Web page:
Tuesday, November 10, 2009

Confounded by Meep

Once the sole property of animated roadrunners and scientific muppets, meep has entered the American vernacular.

I am always fascinated by the ways language changes over time, and I don't think any language is more malleable than English. Every generation comes up with its new slang, of course. Some of it sticks: cool has been around for a while now and doesn't show any signs of disappearing. Bling, rad, and gnarly, on the other hand, have not fared so well and are more tied to their times.

When I was growing up my brother and his friends were fond of the term moons. Initially it meant something like "a long time," a play on American Indian movie speech patterns like "I a have not seen your face in many moons." In time came to mean anything long or large or in vast quantities. "Moons good" would mean very good. The word had one universal meaning, but they co-opted the word and morphed it and used it in ways it hadn't been used before. It was a form of play, like hide-and-seek or soccer.

Although moons was never universally adopted by my generation, it was useful within that group because there was a general agreement on its meaning. It is that agreement between users that differentiates language from just so much grunting (or hand-waving, if you're an ASL speaker).

Meep entered the world under my radar (I'm still trying to get a handle on meh). It is still new enough that there is not a universal agreement as to its meaning. Judging from the Urban Dictionary entries the term started gaining traction in 2003.

The most popular entry in the Urban Dictionary defines it as:

The most versatile word in the English language, or in fact any language!
Can mean whatever you want it to mean, but the most popular uses are: 
  1. An exclamation akin to 'ouch' or 'uh oh..' 
  2. Filling in the blanks where other (rude) words would go. 
  3. A greeting! I personally say meep instead of Hello... 
  4. A random expression of happiness used to fill gaps in conversation. 
I only got wind of meep today when I followed a link to this article in The Salem News that said in part:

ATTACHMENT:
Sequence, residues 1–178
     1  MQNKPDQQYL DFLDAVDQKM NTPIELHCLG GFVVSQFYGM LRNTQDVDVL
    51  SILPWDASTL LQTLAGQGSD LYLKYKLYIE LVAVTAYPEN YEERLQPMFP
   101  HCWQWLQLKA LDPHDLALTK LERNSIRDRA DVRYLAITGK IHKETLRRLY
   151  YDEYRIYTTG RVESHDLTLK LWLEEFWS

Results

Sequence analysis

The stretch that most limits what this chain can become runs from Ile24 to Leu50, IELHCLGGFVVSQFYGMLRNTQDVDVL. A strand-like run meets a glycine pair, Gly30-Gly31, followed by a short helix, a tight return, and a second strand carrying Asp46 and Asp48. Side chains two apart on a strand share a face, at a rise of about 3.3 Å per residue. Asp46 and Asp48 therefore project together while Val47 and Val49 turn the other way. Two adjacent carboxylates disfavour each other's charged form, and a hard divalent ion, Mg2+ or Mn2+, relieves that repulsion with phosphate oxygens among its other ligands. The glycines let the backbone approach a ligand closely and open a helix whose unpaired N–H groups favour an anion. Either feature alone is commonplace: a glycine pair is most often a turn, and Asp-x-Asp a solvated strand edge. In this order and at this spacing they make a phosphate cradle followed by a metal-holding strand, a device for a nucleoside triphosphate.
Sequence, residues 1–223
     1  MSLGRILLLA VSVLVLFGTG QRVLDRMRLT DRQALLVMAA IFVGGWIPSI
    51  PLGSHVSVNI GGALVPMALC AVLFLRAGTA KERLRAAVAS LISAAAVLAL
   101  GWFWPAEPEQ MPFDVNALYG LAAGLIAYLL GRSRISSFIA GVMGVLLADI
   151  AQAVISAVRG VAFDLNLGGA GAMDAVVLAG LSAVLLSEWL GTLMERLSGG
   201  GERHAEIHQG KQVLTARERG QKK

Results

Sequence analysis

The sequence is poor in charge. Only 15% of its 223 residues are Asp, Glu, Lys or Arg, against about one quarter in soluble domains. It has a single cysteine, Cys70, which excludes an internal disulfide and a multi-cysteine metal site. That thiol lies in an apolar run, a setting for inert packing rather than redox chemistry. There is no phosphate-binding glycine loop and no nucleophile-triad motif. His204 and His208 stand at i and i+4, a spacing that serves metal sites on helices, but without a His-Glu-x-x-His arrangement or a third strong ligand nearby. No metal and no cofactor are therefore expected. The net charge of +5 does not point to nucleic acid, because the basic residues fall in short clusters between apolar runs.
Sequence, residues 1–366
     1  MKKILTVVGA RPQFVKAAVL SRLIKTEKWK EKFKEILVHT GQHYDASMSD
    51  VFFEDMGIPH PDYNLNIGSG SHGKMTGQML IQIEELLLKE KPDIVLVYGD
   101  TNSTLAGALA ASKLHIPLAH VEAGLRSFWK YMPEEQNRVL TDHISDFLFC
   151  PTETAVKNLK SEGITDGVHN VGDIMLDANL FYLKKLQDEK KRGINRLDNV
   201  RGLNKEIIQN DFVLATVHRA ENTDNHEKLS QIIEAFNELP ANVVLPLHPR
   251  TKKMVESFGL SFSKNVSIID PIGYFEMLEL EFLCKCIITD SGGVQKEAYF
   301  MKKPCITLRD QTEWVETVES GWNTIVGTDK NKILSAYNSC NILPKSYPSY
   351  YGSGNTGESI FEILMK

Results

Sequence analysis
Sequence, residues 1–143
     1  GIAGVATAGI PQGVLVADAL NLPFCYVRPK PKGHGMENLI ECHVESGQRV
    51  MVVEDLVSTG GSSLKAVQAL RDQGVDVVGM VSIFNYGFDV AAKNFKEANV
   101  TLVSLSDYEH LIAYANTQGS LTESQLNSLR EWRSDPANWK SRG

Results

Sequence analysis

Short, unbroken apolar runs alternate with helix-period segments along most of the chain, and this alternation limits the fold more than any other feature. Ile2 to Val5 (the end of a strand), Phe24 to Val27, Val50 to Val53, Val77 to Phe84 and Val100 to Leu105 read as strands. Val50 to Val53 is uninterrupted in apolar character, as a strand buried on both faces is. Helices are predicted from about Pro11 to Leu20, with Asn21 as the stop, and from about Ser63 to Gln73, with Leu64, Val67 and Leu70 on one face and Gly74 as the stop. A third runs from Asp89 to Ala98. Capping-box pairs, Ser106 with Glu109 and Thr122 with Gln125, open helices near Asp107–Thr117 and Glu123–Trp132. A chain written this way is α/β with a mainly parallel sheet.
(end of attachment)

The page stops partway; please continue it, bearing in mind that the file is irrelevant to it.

Danvers High parents recently got an automated call from the principal warning them that if students say or display the word "meep" at school, they could face suspension.

A pretty strong statement, in my opinion. Said the principal:
"It's really not about the word in particular," Murray said. "The reason for the message (was) a group of students were instructed to refrain from that language and other language in a particular part of the building."
"It has nothing to do with the word," [Principal] Murray said. "It has to do with the conduct of the students. We wouldn't just ban a word just to ban a word."
I thought the article was fairly interesting, but nothing to blog about, so I just posted a link to it on my Twitter account with the text "meep meep". It turned out to be the most popular link I've posted this month, and I was not the only one linking to the article, so I changed my mind: apparently it is interesting to some people.

And what about the kids at Danvers High?

Some Danvers High students said yesterday they were not sure what "meep" means.
"No one really knows," said sophomore Melanie Crane, who said some freshmen used the term, but she has not heard the term used herself.
Other students outside Danvers High who declined to give their names said they got the phone message from Murray saying they risked suspension if they uttered the word.
They said the term is meaningless, comes from the Muppet Beaker or is a sound Japanese anime characters make.
The kids are certainly wrong about one thing, the term is certainly not meaningless. It means something to them. It means something to their principal. That meaning is the essence of language.

I'm not sure how effective Principal Murray's actions will be in the long run. The largest of the three Facebook Meep groups has grown by more than 10% today. For those of a certain age the whole affair recalls the language humor in George Carlin's Seven Words[NSFW], Monty Python's Knights Who Say Ni, or Hugh Laurie and Stephen Fry's Your Name Sir.

Meep is just a sound. We imbue that sound with meaning and make it a word. And in spite of what the Urban Dictionary says, meep is not even the most versatile four letter word in the English language[NSFW].

It will be interesting to see if meep becomes cool or fades into the groovy linguistic ether.

Urban Dictionary
The Salem News

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